This year’s theme is ‘Kids need Fair Trade’, the logic being that if adults are paid a fair price for their work, their children are able to go to school and live a healthy and full life, rather than having to work.The World Fair Trade Day website gives the following suggestions for getting involved:

1.Buy Fair Trade products

Be informed when buying products. Fair Trade products help lift disadvantaged artisans and farmers out of poverty.

When buying non-fair trade products you are unknowingly contributing to the deterioration of the environment, the marginalisation of artisans and farmers and by doing so you are helping widen the gap between rich and poor. Fair Trade only works if empowered consumers buy Fair Trade products!

2.Take part in this years’ Fair Trade events

The Fair Trade concept/movement will be celebrated worldwide throughout May. Come and join us, and learn more about Fair Trade and how you can actively contribute to the Fair Trade movement. To see the list of events, click here.

3.Hold your own events

Why don’t you organise an event in your area, at your school, etc… to promote Fair Trade? Please register your events here.

4.Spread the message

Download the World Fair Trade Day logo. Use it in as many creative ways as possible: printing it on your t-shirts, making posters, leaflets, etc… and help spread the message!

5.Send your message to shops and companies!

As a consumer you are influential. Ask your favorite retail shops and stores to stock Fair Trade products. Write to manufacturers to show you care about producers’ rights and the environment. Apply pressure on them to make products in a fairer way, which protects producers and the environment.

Once manufacturers have been made aware of their customers’ expectations, their products and business ethics will change to reflect these. Make your voice heard and make a difference!

And last but not least, have fun on World Fair Trade Day!

Katie
ethicalweddings.com

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Is nothing sacred?

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Over a large piece of particularly decadent dark chocolate cake yesterday, a friend mentioned casually a downgrade in federal standards for chocolate. Or rather, what can be legally be called “chocolate.”

I did a little digging, and she was right: a petition currently before the FDA is asking them to allow choco-products that substitute veggie and other oils for coco butter to be labeled as “chocolate”–thereby eliminating the current distinction. Gristmill has posted more info on how to protest the change.

Also, more info in an op-ed in the LA Times.

Because maybe what we SHOULD be asking of our chocolatiers (a.k.a. “Big Chocolate”?) is to make chocolate that is sustainably produced and slavery-free, rather than more waxy and less tasty.


(Small chocolates say: “Save us from choco-imitators!”)

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Smell to get well

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Smell to get wellI recently discovered the benefits of aromatherapy. It’s not as though I’d previously dismissed it, it just hadn’t really occurred to me to use it for anything other than helping to relax. After visiting the doctor for a couple of years with the same ailment and just being given stronger and stronger antibiotics I decided it was time to go elsewhere.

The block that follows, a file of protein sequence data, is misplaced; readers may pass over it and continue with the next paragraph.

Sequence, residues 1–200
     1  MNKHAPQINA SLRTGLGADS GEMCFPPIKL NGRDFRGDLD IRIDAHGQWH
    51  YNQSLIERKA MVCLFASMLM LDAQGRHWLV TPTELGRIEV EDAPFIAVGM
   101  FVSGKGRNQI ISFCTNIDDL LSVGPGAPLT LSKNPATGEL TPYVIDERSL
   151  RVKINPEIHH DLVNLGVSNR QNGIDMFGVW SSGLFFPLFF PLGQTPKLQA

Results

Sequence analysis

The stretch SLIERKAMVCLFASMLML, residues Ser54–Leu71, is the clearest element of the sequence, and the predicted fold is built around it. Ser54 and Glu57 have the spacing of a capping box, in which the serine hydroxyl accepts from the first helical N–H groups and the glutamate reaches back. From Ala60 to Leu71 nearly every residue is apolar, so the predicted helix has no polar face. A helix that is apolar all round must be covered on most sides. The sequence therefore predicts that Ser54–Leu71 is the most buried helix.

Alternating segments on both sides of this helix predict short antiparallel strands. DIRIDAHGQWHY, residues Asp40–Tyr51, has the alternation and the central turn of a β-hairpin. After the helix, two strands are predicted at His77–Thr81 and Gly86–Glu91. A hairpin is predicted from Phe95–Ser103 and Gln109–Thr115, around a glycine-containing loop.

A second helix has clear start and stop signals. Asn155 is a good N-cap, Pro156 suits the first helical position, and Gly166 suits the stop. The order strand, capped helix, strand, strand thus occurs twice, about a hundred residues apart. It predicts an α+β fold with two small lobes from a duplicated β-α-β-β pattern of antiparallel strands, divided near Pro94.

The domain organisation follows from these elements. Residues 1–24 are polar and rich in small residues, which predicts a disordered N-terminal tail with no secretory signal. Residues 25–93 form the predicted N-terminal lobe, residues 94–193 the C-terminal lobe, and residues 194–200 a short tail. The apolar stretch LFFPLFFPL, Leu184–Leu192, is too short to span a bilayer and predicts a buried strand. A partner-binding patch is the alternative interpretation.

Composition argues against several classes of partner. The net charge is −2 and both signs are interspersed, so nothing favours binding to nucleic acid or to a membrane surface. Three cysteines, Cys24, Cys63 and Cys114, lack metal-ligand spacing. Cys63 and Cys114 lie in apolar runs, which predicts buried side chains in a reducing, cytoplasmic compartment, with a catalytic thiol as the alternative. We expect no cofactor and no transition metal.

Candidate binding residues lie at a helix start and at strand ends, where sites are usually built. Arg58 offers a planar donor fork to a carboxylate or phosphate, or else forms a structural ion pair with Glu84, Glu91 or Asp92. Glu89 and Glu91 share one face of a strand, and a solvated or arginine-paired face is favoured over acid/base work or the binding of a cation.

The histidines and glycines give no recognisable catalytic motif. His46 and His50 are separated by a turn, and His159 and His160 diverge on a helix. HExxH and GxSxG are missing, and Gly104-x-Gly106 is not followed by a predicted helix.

I have to say I was amazed at the results. Who would have thought that a little bottle of smelly stuff could make all the difference? Pretty soon I was evangelizing the wonders of eucalyptus and how it can cure all ills, well sinusitis anyway.

After listening to me going on and on, one of my good friends bought me two excellent aromatherapy books for Christmas by Valerie Ann Worwood; ‘The Fragrant Mind’ and ‘The Fragrant Pharmacy’. When I read Valerie’s explanation of how these highly concentrated oils are extracted from a particular plant or tree I immediately wondered what the implications are. For example, it takes 8 million hand-picked Jasmine blossoms (which must be picked on the first day they open) to produce one kilo of oil and a sandalwood tree must be 30 years old before it is cut.

So, what goes into growing such vast amounts of these various plants and who is employed to pick and distil them? Is this being done in a green and fair way?

I have seen & bought organic eucalyptus oil in the shops but assuming this is an abundant source in Australia I hadn’t really thought beyond being satisfied with the organic mark.

I have done a little research on the internet and found some sites which sell organic and fair trade oils. Here are a few of them:
La Maison Afrique -In fact this site provides a great insight into how their essential oils are produced and how the farmers are involved.
Greenline
Faith – Holistics Made Easy
Materia Aromatica
Quinessence

What I would really love though is for someone who knows about aromatherapy to tell us more about how essential oils can be produced whilst still respecting people and the environment. I love my little bottle of eucalyptus but I’d hate to think that whilst it’s making me better, for someone else its making things worse.

Vic and BobAromatherapists, essential oil enthusiasts or anyone who wants to have a say get in touch and tell us what you think.

By the way, any Vic Reeves fans who noticed the “Smell to get well” reference, extra brownie points for you!